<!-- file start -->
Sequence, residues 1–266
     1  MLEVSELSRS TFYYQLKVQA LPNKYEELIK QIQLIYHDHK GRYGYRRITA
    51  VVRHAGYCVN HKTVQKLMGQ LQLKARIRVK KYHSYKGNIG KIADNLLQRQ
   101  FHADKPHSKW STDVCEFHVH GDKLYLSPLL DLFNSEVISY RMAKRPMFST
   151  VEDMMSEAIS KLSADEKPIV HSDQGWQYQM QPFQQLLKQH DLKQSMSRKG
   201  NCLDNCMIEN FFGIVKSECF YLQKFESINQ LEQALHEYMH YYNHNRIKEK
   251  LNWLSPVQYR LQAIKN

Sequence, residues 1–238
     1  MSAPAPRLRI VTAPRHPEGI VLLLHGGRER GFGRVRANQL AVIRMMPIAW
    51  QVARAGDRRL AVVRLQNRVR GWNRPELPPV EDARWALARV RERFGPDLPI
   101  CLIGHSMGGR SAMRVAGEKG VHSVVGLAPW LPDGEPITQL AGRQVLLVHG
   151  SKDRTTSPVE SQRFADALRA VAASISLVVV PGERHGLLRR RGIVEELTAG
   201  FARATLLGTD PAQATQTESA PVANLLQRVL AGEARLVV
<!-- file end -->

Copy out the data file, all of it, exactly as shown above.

Sequence, residues 1–266
     1  MLEVSELSRS TFYYQLKVQA LPNKYEELIK QIQLIYHDHK GRYGYRRITA
    51  VVRHAGYCVN HKTVQKLMGQ LQLKARIRVK KYHSYKGNIG KIADNLLQRQ
   101  FHADKPHSKW STDVCEFHVH GDKLYLSPLL DLFNSEVISY RMAKRPMFST
   151  VEDMMSEAIS KLSADEKPIV HSDQGWQYQM QPFQQLLKQH DLKQSMSRKG
   201  NCLDNCMIEN FFGIVKSECF YLQKFESINQ LEQALHEYMH YYNHNRIKEK
   251  LNWLSPVQYR LQAIKN

Sequence, residues 1–238
     1  MSAPAPRLRI VTAPRHPEGI VLLLHGGRER GFGRVRANQL AVIRMMPIAW
    51  QVARAGDRRL AVVRLQNRVR GWNRPELPPV EDARWALARV RERFGPDLPI
   101  CLIGHSMGGR SAMRVAGEKG VHSVVGLAPW LPDGEPITQL AGRQVLLVHG
   151  SKDRTTSPVE SQRFADALRA VAASISLVVV PGERHGLLRR RGIVEELTAG
   201  FARATLLGTD PAQATQTESA PVANLLQRVL AGEARLVV